Forget Unicast, Broadcast, and Anycast … the Future is Multicast
IP Multicasting is an evolving technology that is used extensively nowadays for fulfilling the needs of streaming applications such as Voice and Video over IP.
Multicasting is proven to be very beneficial to network administrators due to its bandwidth-conserving behavior and broadcast-limitation achievement. IP Multicast allows a source to transmit a stream of data to multiple destinations without the need of sending multiple copies.
IP multicast is responsible for replicating the data stream at appropriate locations so that it reaches all interested recipients.
Replicating packets at the edge, at places where potential recipients are situated, results in conserving bandwidth which is a scarce resource nowadays.
Applications that make use of multicasting include video streaming, videoconferencing, distance learning, etc. Multicasting has no physical boundaries. It is based on the "group" concept in the sense that hosts that are interested in receiving a particular data stream need to join the respective group. This is achieved using Internet Group Management Protocol (IGMP).
Today I’ll cover the basic multicasting concepts. I will introduce IGMP and focus on layer 2 switching multicasting issues. A brief description of basic multicast routing will be presented as well.
Multicasting Address Range
IP addresses within the range 184.108.40.206 through 220.127.116.11 are reserved for multicast groups. Internet Assigned Numbers Authority (IANA) has reserved addresses 18.104.22.168 through 22.214.171.124 to be used by network protocols within a local area network.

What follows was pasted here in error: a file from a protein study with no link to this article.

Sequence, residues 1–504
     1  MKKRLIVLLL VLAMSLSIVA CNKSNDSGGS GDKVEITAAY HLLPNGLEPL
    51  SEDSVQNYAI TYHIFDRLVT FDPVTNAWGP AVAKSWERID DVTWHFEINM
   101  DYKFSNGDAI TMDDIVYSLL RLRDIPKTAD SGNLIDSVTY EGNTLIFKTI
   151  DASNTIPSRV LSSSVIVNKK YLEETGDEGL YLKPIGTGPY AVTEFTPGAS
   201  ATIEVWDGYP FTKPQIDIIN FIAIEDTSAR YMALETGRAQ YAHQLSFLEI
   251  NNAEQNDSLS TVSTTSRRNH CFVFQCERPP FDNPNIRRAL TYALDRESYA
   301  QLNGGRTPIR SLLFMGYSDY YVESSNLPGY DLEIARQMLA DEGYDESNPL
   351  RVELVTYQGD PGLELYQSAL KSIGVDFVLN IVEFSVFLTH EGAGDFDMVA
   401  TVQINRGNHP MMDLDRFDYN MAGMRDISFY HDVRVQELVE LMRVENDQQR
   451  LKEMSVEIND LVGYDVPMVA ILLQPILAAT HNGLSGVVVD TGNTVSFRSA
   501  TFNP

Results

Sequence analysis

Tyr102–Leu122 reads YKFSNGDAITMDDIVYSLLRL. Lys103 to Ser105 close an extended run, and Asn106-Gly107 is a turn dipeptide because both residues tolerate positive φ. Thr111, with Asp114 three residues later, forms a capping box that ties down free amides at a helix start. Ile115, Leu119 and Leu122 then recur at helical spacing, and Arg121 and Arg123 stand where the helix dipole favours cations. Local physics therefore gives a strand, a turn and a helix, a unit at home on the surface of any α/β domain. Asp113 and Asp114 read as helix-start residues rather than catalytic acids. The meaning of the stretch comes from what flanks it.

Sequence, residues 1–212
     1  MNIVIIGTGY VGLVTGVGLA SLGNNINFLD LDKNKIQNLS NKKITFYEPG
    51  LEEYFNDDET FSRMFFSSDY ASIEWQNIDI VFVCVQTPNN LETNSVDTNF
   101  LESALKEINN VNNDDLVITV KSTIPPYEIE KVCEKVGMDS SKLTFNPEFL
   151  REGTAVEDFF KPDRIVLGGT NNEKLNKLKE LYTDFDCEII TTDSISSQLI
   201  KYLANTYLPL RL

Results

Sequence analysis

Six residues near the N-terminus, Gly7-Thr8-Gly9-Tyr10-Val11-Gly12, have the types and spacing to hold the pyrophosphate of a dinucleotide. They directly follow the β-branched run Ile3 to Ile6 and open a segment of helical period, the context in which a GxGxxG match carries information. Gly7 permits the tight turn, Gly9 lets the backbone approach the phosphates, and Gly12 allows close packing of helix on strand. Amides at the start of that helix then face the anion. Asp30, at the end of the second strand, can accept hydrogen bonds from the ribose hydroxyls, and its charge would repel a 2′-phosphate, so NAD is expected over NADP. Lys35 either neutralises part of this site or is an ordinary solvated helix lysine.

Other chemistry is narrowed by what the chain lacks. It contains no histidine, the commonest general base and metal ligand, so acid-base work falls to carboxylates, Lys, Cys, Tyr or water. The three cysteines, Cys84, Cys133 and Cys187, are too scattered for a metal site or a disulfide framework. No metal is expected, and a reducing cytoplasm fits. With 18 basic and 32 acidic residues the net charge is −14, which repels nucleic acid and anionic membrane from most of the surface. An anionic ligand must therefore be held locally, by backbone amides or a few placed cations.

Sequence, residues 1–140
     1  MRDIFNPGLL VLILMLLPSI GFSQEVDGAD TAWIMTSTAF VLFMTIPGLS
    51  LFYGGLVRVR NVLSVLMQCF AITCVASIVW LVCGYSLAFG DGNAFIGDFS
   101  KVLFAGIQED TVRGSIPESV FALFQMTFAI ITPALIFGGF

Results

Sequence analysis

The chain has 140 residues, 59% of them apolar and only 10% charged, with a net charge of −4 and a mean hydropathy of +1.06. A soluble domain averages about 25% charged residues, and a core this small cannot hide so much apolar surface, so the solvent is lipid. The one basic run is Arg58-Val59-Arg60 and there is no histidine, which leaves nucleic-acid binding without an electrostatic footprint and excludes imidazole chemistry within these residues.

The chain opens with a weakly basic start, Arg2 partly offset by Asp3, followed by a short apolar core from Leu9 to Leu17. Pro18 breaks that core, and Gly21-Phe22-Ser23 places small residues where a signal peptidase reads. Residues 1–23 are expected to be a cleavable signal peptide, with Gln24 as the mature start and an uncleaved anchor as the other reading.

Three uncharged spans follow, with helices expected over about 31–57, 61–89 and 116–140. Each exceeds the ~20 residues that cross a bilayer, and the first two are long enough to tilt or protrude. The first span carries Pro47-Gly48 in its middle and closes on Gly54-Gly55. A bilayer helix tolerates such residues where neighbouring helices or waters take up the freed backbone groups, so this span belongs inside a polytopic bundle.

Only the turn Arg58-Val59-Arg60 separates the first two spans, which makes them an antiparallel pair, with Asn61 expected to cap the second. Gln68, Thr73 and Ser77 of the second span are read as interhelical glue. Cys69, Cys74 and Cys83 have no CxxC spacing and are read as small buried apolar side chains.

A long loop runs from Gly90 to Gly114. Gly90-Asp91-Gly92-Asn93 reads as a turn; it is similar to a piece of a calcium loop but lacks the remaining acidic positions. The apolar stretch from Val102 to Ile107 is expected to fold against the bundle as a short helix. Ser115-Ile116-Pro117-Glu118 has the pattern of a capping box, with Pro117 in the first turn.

For example 126.96.36.199 is used by OSPF routers, 224.0.018 is used by VRRP. Moreover IANA has reserved a range of multicast addresses within the range of addresses from 188.8.131.52 through 184.108.40.206 for multicast applications. The whole range of reserved multicast addresses can be found at www.iana.org.
IGMP version 2
IGMP version 2 is specified in RFC 2236. Three main types of IGMP messages are defined:
- Membership report: Hosts that are interested in joining a specific multicast group send out IGMP membership reports for that particular group.
- Membership query: Multicast aware routers on local segments periodically send IGMP membership queries to find out if there are still hosts interested in receiving traffic from a particular multicast group. If not, then traffic towards not interested local segments is stopped.
- Leave group: In addition to IGMP version 1, hosts are able to send their intention to leave the group to their local multicast router so that unnecessary traffic is stopped much earlier.
A sample IGMP membership report is presented below. This specific host is requesting to join the VRRP group on 220.127.116.11.
Layer 2 switches treat multicast traffic as broadcast, therefore, they flood multicast frames out every port within a VLAN. This behavior is unacceptable because it wastes bandwidth.
IGMP snooping enables layer 2 switches to "snoop" on layer 3 and monitor IGMP packets traversing between hosts and routers. With IGMP snooping, switches are able, based on the received membership report for a particular multicast group, to associate hosts’ port numbers with multicast groups.